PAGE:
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Handling Deleted Documents Important in E-Discovery

By Edited Jun 13, 2014 0 0

E-discovery firms, unlike firms involved in the traditional discovery process, make use of electronically stored information in court cases. Litigants are required to exchange relevant documents in a format that is allowed by the court. One issue that often comes up when doing a search for discoverable documents is whether it is possible to recover documents that have been deleted. When dealing with paper documents deletion is a serious problem since once they are put in the trash or recycled, getting them back is close to impossible. However, for electronic data, there are some ways to recover information even if it has been deleted. 

The easiest way to recover deleted documents is to see whether or not a backup copy exists. Many organizations make automatic backups of their data storage systems on a regular basis. This means that even if the needed documents are deleted from the active disk, they may still be available on backup media. 

If no backup exists, things get a bit more complicated but they're usually not hopeless. It all comes down to how long ago the data was deleted. Most PC and server file systems don't actually “delete” any data from the drive when a user deletes it in the operating system. The files are simply hidden from view and space is marked as “available” on the hard drive. However, the zeros and ones that compose digital data are still physically on the disk. Assuming that the specific area of the disk where the files were located wasn't overwritten the data can still be located. There are many free and paid tools that allow for the recovery of deleted files. Even if the files were overwritten, it may still be possible to retrieve the file partially. A completely overwritten file, or a disk that has been physically damaged, may still contain recoverable data. However, finding this data would involve sending the actual storage device (or what's left of it) to a service provider specialized in computer forensics to see if anything can be found. If a drive has suffered severe physical damage, such as by someone taking a sledgehammer to it, data recovery may take months and cost several thousands of dollars.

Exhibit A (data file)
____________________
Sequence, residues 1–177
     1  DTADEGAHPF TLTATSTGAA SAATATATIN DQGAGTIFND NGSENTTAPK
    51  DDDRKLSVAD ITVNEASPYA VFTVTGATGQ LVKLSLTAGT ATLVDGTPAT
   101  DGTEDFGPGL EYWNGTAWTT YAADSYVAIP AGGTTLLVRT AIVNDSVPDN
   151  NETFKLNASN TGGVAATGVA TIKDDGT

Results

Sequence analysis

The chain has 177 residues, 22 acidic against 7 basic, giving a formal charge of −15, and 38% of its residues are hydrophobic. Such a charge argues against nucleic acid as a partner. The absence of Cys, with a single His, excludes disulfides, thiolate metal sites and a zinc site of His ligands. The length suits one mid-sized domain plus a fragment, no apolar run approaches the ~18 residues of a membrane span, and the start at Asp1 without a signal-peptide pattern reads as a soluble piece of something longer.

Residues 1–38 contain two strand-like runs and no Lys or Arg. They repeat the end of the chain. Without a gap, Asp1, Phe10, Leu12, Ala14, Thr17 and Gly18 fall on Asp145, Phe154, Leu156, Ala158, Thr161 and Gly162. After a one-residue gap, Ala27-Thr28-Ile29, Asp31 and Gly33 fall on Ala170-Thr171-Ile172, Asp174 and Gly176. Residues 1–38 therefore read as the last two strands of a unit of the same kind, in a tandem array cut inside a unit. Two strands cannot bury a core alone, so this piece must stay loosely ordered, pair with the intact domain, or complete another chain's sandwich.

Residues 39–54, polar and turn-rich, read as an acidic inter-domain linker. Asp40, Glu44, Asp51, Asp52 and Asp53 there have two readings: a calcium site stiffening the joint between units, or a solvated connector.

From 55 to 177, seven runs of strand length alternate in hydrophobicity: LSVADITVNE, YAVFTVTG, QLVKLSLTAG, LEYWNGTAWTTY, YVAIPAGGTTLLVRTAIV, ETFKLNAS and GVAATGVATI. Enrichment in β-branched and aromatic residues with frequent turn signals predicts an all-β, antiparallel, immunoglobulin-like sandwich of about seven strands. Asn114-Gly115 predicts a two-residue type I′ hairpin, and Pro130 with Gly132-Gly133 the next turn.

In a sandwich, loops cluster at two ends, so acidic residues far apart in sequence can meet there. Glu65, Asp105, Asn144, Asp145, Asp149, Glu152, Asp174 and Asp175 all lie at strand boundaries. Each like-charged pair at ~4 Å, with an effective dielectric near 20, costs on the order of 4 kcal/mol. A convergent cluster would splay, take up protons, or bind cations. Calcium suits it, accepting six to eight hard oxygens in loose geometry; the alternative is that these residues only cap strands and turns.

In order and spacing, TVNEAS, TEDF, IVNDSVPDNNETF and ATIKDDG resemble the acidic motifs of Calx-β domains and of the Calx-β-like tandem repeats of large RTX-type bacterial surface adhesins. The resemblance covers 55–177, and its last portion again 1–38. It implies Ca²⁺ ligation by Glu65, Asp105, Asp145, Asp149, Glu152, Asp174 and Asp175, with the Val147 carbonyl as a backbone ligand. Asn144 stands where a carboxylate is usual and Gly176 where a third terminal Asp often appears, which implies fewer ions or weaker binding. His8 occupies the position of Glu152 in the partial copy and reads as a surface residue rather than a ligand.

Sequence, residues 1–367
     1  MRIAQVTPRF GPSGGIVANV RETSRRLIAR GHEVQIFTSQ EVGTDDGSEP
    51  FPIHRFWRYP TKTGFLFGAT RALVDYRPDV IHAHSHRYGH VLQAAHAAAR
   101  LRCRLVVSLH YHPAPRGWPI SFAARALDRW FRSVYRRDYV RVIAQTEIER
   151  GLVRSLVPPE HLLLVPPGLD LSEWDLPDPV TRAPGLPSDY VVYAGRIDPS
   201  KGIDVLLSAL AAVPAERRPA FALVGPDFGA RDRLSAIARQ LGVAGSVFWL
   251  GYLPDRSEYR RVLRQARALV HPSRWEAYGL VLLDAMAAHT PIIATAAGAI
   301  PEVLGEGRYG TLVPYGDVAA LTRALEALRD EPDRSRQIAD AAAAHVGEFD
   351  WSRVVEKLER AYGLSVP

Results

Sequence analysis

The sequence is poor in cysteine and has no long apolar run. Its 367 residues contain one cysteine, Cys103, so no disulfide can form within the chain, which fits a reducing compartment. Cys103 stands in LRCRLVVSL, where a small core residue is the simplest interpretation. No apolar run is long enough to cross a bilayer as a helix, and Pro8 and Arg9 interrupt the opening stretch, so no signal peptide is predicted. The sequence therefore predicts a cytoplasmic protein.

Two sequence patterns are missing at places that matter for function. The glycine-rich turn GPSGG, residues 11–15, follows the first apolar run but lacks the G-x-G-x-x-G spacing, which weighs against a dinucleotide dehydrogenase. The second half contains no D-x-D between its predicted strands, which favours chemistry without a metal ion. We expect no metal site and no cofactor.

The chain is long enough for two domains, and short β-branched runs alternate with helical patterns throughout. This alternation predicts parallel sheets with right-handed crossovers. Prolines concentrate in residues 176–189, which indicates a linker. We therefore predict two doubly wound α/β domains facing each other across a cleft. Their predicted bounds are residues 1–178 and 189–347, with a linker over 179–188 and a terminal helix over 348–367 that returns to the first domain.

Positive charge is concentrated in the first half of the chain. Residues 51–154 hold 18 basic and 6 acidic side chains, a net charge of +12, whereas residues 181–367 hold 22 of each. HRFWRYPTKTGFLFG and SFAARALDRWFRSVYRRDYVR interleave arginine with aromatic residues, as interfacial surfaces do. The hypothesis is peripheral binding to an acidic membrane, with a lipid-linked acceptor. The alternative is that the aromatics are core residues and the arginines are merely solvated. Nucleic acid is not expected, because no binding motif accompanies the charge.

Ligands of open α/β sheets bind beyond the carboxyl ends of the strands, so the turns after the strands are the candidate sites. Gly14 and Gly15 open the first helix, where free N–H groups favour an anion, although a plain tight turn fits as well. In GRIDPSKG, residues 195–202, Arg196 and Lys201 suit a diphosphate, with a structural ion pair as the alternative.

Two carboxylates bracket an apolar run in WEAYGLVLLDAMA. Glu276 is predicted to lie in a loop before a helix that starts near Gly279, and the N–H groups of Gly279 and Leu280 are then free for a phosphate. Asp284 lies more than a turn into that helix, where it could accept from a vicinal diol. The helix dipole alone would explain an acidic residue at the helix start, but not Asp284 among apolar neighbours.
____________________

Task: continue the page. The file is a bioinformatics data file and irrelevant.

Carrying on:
Mobile devices work in a similar way. Just because a user may have deleted a certain piece of information, or even done a “master reset” of the device doesn't mean the data is physically gone. There are some software tools which are specifically designed to examine mobile devices in an attempt to recover data. If this fails, or if the device is physically damaged and cannot function on its own, it may be sent for inspection to a lab that specializes in data recovery from mobile devices. However, it should always be known that recovery is never guaranteed and files that are recovered may be corrupted or have sections of their data missing. 

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